Jane Lyons gave shelter to suffragettes at her Boarding House. One such woman was Mary Richardson. In her autobiography, Laugh a Defiance, she describes being given shelter in Miss Lyons’ Boarding House in October 1913, when she was let out of Holloway under the terms of the Prisoners (Temporary Discharge for Ill-Health) Act 1913, commonly known as the ‘Cat and Mouse Act.’ The Act was the Government’s attempt to deal with hunger-striking suffragettes: it allowed for the early release of prisoners who were so weakened by hunger striking that they were at risk of death. They were to be recalled to prison once their health was recovered, where the process would begin again. On 10 March 2014, it was from Miss Lyons’ Boarding House that Mary Richardson set out for the National Gallery when she attacked the Velasquez painting, The Toilet of Venus (known as The Rokeby Venus) with a butcher’s hammer she had bought on the Gray’s Inn Road.
Another woman who found shelter at Jane Lyons’ Boarding House was Annie Kenney, a working class suffragette from Manchester who became a leading figure in the Women’s Social and Political Union. She has been described as having stayed there when she was on the run.
Jane Lyons would have been in her late 70s at this time, when she was providing a roof over the heads of Mary Richardson, Annie Kenney and many others. She was 78 in 1914 when Mary Richardson set off for the National Gallery. For years, Jane Lyons took women in when they left Holloway Prison, when they travelled to London to protest, and when they had been turned away by their families. Her Boarding House was, for many women, a safe house, providing shelter when they were fighting for their rights.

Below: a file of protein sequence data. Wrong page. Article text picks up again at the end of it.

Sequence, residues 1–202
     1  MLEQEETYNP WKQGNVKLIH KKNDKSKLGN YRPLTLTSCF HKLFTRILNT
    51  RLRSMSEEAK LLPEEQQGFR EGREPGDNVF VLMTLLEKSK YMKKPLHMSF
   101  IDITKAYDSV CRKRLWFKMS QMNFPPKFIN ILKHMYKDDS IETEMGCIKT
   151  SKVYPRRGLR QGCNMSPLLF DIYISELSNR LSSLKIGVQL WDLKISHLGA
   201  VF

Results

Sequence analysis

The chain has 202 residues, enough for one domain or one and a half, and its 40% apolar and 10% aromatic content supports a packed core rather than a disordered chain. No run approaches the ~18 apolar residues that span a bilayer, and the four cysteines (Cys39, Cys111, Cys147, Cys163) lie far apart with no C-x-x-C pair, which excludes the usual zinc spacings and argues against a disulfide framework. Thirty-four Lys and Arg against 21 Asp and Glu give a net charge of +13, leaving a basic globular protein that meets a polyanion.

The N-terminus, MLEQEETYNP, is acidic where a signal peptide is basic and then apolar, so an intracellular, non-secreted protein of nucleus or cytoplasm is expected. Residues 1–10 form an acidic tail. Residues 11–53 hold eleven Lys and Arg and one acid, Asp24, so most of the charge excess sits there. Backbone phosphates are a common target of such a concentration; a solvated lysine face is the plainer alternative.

Guilford Street Becomes Lawson Street
Guilford Street in Bloomsbury, just north of Doughty Street, is named after Lord Frederick North, a former Prime Minister and the second Earl of Guilford. Today, 2 March, we imagine it renamed as Lawson Street, to honour Marie Lawson. Marie was born in Sunderland in 1881, one of 6 siblings and the child of a solicitor. She studied law at the LSE but since law was a profession then closed to women, she could not become a lawyer and instead became a clerk at an engineering firm. At 21 years old, she took her own flat at 4 Guilford Street in Bloomsbury, which was then considered “a rather disreputable area” and “a forward thing to do” (Elizabeth Crawford, The Women’s Suffrage Movement: A Reference Guide 1866-1928). Marie was a member of many suffragette and suffragist groups, and was elected to the Executive of the Women’s Freedom League in 1908. A year later, she formed Minerva Publishing Company, in order to produce The Vote. That same year, she refused to pay income tax and a year later she joined the newly founded Women’s Tax Resistance League. In 1911 she was one of the women who ‘vanished for the vote’ by refusing to register for the census. The records describe her and Emily Ridler, both “over 30,” as follows: “4 Guilford Street… Census night: resisters. Occupation: secretaries to suffragettes.”
8 Days. 8 Streets. 8 Women.
We are proud to honour Jane Lyons and Marie Lawson. We will be renaming another local street each day from now until International Women’s Day on 8 March 2018, reclaiming eight of Bloomsbury’s streets to mark the all-too-often overlooked and forgotten contribution of women to our history.